When Hugo rejoined the party, he was accompanied by a veritable clone of himself, clad in a fancy black suit with green accents. Kasvarina’s face betrayed a hint of distrust as Oscar introduced himself, but ultimately she said nothing; who was she to cast stones? She didn’t trust herself. “Don’t worry,” Oscar said, “Now that I have a body, I’ll be a ‘good boy’.” He and Hugo seemed to reach a moment of peace, at least for now.

Heading up the switchbacks of Cauldron Hill, the heroes stopped at MacBannin’s old estate, now used as the base of operations for Captain Dale and his Cauldron Hill Commandos. Qiyet gave the fellow martial scientist a piece of cherry pie in thanks for his previous instruction, and Dale looked highly flattered by the thoughtful gesture. He accepted the takeout box and sent the group on their way.

Memory-Event: Mindtaker

Kasvarina stood, and mulled over the details of what she’d just seen while the party led her out of the Bleak Flint facility. “It makes sense now, why my memories were sealed away.”

“I must say,” Qiyet remarked, “your behavior with Leone was very concerning. I’m interested to know how drawn you are to becoming that person again.”

“Or do you agree with what Grappa did to you?” inserted Templeton.

Kasvarina did not hesitate to reply. “I’m grateful for what he did,” she claimed. Qiyet was naturally suspicious of her sincerity, but sensed no overt deception (20 Insight). “I can still feel myself wavering from time to time—between holding to my original ideals, or giving in to the frustration and anger sparked by everything that’s happened since the Malice. But I believe I’m making progress toward casting off my ruthless mindset.”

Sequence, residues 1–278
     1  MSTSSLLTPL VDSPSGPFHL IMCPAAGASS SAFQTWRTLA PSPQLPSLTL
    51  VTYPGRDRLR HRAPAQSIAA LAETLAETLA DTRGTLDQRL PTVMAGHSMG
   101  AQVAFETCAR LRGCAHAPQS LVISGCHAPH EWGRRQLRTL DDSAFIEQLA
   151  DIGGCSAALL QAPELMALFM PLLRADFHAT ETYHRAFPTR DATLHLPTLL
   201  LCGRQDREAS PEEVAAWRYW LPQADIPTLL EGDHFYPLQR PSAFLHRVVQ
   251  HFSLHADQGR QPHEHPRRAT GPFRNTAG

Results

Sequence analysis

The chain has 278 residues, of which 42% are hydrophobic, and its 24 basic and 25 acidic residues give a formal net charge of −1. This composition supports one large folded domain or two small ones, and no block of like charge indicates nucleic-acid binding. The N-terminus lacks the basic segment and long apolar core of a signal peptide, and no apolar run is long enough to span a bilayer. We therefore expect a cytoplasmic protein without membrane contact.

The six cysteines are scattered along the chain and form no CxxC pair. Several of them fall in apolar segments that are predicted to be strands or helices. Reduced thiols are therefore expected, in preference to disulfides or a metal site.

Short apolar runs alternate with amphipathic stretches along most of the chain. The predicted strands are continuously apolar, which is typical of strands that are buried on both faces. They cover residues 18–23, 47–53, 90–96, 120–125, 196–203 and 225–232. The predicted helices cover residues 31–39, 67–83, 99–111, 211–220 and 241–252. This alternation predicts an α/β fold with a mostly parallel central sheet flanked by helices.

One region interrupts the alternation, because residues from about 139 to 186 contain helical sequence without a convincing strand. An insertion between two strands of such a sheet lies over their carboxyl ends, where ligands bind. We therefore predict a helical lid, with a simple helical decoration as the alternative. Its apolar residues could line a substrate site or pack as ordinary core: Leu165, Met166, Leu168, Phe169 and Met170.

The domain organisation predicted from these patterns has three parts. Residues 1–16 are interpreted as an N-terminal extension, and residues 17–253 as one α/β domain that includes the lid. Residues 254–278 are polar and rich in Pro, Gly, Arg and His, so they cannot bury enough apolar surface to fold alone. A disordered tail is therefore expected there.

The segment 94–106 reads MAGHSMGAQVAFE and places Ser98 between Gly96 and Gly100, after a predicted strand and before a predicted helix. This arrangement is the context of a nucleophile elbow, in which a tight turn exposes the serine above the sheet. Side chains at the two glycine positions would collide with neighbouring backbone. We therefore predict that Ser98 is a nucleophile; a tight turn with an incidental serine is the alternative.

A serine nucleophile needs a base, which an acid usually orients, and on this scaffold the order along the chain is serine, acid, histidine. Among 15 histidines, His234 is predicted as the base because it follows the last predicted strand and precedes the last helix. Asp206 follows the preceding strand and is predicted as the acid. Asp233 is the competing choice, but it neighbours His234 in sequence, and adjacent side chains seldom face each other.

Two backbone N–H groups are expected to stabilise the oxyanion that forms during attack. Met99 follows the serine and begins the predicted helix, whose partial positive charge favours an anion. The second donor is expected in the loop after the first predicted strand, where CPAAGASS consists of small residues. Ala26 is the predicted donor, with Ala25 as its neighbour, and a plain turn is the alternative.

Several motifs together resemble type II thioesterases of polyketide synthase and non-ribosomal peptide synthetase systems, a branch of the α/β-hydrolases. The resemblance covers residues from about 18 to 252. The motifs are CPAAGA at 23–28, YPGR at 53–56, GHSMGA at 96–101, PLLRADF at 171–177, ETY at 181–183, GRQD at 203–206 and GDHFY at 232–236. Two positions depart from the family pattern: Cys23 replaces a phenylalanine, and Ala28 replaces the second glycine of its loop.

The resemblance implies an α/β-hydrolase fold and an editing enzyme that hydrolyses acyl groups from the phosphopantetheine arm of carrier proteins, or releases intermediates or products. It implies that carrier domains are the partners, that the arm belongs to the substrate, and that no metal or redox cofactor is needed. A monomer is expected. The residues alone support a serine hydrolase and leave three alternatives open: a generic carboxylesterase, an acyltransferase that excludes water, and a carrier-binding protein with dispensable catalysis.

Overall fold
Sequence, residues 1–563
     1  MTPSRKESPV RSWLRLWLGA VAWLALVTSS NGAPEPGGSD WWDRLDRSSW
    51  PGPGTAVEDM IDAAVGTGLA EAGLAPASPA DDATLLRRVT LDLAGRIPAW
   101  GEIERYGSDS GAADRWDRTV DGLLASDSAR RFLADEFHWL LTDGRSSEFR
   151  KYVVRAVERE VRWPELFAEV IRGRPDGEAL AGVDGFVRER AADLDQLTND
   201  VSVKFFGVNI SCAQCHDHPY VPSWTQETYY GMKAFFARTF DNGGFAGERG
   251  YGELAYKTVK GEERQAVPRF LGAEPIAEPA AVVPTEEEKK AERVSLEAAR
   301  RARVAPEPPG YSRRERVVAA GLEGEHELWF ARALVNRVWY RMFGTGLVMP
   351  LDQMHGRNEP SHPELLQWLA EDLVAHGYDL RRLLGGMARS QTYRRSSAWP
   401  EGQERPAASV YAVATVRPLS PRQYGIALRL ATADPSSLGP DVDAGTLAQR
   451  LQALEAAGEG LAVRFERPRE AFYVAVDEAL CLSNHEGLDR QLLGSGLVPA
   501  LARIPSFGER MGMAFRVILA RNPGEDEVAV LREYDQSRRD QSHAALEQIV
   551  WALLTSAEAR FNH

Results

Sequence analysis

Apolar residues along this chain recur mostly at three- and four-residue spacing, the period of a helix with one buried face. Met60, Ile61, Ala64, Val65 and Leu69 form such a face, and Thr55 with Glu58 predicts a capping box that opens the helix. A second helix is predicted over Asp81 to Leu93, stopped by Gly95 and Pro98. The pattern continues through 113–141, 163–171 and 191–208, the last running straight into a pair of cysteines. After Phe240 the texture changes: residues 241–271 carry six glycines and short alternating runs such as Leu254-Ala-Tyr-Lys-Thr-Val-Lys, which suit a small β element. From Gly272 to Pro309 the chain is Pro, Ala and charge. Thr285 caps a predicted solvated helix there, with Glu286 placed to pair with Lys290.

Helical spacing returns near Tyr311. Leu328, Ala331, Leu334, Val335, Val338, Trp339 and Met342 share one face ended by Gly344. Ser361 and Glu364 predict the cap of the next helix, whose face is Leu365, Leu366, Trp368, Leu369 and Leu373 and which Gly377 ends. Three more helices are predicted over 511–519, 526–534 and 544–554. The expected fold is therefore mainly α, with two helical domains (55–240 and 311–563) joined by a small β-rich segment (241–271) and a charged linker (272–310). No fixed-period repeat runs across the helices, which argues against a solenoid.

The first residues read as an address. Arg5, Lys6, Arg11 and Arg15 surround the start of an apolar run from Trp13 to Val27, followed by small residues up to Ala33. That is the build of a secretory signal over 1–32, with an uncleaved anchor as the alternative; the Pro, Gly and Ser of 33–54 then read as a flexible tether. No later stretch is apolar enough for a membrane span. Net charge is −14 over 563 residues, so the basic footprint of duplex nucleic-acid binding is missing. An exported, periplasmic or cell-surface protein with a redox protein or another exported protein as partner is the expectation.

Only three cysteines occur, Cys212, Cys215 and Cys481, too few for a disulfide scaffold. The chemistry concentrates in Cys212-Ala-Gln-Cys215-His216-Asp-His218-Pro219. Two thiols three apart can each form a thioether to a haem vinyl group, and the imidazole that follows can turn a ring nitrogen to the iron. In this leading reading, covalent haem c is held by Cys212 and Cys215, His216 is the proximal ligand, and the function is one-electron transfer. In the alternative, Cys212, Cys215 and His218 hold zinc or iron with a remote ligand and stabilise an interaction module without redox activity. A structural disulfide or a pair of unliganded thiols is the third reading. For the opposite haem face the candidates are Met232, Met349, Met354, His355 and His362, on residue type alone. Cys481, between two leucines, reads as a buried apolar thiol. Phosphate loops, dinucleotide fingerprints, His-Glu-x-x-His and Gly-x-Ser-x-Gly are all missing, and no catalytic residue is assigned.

“So why did you feel so comfortable with the idea of killing Grappa?” Qiyet asked. “What were you feeling at that time?”

“I didn’t go into that room to kill him,” she maintained, “but he was a security risk, and I had to at least gauge the level of threat he represented to us.”

A brief discussion followed on the importance of Borne, particularly the comment about not wanting to upset Borne “at such a late stage.” Going over their notes, the heroes recalled Tinker’s intel on the capabilities of the colossus:

…to be able to lift a flat object one hundred feet in diameter, weighing just over 14,000 tons, and hold it up with one side angled on the ground. It needed to be able to withstand truly extreme energy, equivalent to standing in a volcano, as well as to resist kinetic injuries.

It needed to stabilize its own magical energies, without having to rely on power from other planes. Tinker notes that the last refit they made before Borne’s ‘episode’ was to open a small hollow in the colossus’s chest, about big enough to hold a pumpkin, which had a pipe that could feed in some sort of liquid fuel.

It also needed to be able to function underwater for extended periods, at pressures seen only deep under the ocean.

Kida theorized that the Ancient ritual site used to change the elemental planes surrounding the world (hinted at during ObCon) must be located somewhere at the bottom of the ocean, beneath a huge golden disk. Borne, therefore, was meant to be used to lift this disk.